“Periods? Ew… Gross!”
Don’t be alarmed if this is the response you get when you decide to have “the period talk” with your tween. In fact, a good majority of you can expect it.
It seems like only yesterday when your little girl was playing with her Barbies and baby dolls. Now she’s wearing braces, blasting the latest Justin Bieber song on her IPod, and wanting you to drop her off a mile down the road, and last night you overheard her talking with her friend about the hottest boy in school. What happened? Where did the time go? Remember when your mother told you not to blink…
Well, the time has come.
Talking to your daughter about her period may at first be a little awkward. One of the main obstacles to overcome before you have “the talk” is getting comfortable with your own thoughts and feelings. Talk with your partner, your mother, or a close friend about how you’re feeling. This may be just as difficult of a time for you as it is for your daughter. Acceptance sometimes doesn’t come easy. Recognizing how you’re feeling, and reasoning it out beforehand, will help you be more open and understanding of your daughter’s feelings.
Go somewhere private where your daughter feels safe talking about this huge milestone in her life. Grab some coffee and head to the park, go out to dinner, or have a picnic lunch in the backyard. Going the extra mile to find the right time and space will make her feel special, and let her know how much you care and want to help her through this exciting and somewhat confusing time.
Stress to your daughter that getting her period is normal and healthy and DOES NOT hurt. Tell her that periods are a sign her body is working properly and growing from a girl’s body into a woman’s body. Explain that getting a monthly period is her body’s way of practicing for a time to come… someday… when she may have a baby.
Show her a diagram…
… of where her ovaries, uterus, and vagina are located. Describe how girls are born with two ovaries that contain thousands of eggs and each month the ovaries release an egg that travels down and “hangs out” in the uterus. If the egg does not become fertilized — at this point, you can chose whether to elaborate further on how that happens — then the egg and uterine lining are shed out through the vagina in the form of blood. Reassure her that the blood can be bright red, pink, or brown, and that, although it may look like a lot, it’s only about 3-5 tablespoons.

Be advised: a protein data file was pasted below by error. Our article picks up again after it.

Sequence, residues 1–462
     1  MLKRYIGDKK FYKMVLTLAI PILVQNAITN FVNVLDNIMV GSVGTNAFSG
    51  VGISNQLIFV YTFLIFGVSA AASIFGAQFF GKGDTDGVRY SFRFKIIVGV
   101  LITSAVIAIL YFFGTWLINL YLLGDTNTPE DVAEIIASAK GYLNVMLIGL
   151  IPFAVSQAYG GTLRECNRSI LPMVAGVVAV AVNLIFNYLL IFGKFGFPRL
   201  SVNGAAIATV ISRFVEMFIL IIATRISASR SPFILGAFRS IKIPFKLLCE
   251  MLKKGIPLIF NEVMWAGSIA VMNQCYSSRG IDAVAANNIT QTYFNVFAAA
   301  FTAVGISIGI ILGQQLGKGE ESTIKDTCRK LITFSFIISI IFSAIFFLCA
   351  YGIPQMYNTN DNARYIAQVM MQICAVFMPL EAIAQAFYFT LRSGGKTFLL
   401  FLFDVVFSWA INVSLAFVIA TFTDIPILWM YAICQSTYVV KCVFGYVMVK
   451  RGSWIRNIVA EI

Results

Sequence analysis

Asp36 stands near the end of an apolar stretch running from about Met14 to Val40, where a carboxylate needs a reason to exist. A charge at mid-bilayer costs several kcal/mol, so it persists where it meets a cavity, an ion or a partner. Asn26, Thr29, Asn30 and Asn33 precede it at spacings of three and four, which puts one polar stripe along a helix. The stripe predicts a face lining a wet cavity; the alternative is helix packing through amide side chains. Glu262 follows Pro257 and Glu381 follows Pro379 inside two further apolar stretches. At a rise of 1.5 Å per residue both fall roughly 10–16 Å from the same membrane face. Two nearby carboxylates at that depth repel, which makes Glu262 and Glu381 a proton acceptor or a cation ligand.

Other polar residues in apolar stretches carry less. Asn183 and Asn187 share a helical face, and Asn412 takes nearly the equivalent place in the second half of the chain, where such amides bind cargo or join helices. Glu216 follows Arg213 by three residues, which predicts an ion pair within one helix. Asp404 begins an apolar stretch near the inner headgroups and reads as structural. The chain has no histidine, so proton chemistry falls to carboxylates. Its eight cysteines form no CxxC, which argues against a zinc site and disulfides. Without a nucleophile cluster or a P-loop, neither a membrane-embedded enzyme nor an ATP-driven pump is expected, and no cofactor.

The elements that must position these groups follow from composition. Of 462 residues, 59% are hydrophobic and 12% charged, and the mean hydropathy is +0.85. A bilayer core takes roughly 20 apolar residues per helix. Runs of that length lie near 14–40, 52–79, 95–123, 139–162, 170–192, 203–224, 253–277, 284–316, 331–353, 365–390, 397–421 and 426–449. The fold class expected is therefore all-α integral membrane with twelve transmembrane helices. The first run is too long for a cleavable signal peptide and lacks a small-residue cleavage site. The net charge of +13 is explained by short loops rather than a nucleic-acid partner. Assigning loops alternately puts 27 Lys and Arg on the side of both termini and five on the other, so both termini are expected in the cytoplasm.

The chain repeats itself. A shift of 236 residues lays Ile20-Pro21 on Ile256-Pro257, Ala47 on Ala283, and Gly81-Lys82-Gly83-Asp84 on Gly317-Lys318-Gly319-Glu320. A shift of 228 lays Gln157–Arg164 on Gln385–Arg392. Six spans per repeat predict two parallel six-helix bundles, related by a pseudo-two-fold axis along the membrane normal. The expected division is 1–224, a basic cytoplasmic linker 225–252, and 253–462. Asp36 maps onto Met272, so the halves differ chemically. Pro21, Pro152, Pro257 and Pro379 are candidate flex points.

You can explain that periods should come every 28 days, but may come anywhere between 21-35 days, and usually last about 3-7 days. And explain that blood flow is heaviest during the first 1-3 days, and becomes less toward the end. Keep in mind that when your daughter first starts getting her period, she may not get one every month. Let her know that this can be normal, and that her menstrual cycle may take a few months to regulate.
The average age for girls to get their period is 12.5 years old, but it can vary anywhere from 8-15 years of age. Girls typically get their periods within 6-12 months of the age when their mothers got theirs. African-American girls tend to get their periods earlier, and athletes tend to get them later. There are, of course, are always exceptions to those “rules”!
Show your daughter the differences between maxi-pads, tampons, and panty-liners. Explain when to use one vs. the other. Help her create an “emergency stash” of maxi-pads to keep with her, so she will feel better prepared when her period strikes. Encourage her to keep a journal, or to download an app, to help her keep track of when her period starts and stops.
Let your daughter know that every girl goes through getting her period, and share your experience (if you remember) about the first time you got yours. Another good resource that many girls at this age find extremely helpful — it’s such a good book, we use it and give it out in our Kids Plus Puberty. Seriously? class — is the book, The Care and Keeping of Youby Valorie Lee Schaefer.
Also, speaking of our class,… remember that Kids Plus is here for you! If you need some help getting the conversation started, or if you’d like to have a girl’s night out for a fun, informative workshop in a safe and supportive environment, you can check out our Puberty. Seriously? class. In the class, Dr. Stevens, Dr. McGee and I talk with mothers (or female mentors) and daughters about changing bodies and the three important “P’s”… Puberty, Periods, and Privacy. To find out more, or to register, see the class page on our web site.
However and whenever you do it — good luck with your “talk.” Let us know if you have any questions or concerns. And don’t forget to give your daughter a hug!
Katie LaMendola, a Family Nurse Practitioner, co-teaches our “Puberty. Seriously?” class.